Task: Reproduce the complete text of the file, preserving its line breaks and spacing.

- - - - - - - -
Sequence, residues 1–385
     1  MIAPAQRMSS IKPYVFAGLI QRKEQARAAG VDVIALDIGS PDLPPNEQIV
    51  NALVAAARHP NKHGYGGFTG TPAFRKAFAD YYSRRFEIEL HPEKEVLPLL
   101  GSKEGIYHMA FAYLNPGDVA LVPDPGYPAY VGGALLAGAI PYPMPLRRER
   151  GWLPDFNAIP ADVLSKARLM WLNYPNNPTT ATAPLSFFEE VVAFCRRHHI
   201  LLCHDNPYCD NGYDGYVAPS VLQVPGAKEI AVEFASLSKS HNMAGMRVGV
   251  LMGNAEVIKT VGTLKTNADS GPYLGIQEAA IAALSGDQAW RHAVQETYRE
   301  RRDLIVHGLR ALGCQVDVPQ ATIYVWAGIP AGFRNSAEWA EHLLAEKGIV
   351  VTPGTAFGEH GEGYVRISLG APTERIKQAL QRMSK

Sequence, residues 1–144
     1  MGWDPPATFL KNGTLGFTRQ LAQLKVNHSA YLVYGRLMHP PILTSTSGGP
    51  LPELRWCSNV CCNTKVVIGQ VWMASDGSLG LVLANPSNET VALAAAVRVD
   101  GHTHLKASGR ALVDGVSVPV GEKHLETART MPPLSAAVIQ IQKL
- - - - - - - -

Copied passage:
Sequence, residues 1–385
     1  MIAPAQRMSS IKPYVFAGLI QRKEQARAAG VDVIALDIGS PDLPPNEQIV
    51  NALVAAARHP NKHGYGGFTG TPAFRKAFAD YYSRRFEIEL HPEKEVLPLL
   101  GSKEGIYHMA FAYLNPGDVA LVPDPGYPAY VGGALLAGAI PYPMPLRRER
   151  GWLPDFNAIP ADVLSKARLM WLNYPNNPTT ATAPLSFFEE VVAFCRRHHI
   201  LLCHDNPYCD NGYDGYVAPS VLQVPGAKEI AVEFASLSKS HNMAGMRVGV
   251  LMGNAEVIKT VGTLKTNADS GPYLGIQEAA IAALSGDQAW RHAVQETYRE
   301  RRDLIVHGLR ALGCQVDVPQ ATIYVWAGIP AGFRNSAEWA EHLLAEKGIV
   351  VTPGTAFGEH GEGYVRISLG APTERIKQAL QRMSK

Sequence, residues 1–144
     1  MGWDPPATFL KNGTLGFTRQ LAQLKVNHSA YLVYGRLMHP PILTSTSGGP
    51  LPELRWCSNV CCNTKVVIGQ VWMASDGSLG LVLANPSNET VALAAAVRVD
   101  GHTHLKASGR ALVDGVSVPV GEKHLETART MPPLSAAVIQ IQKL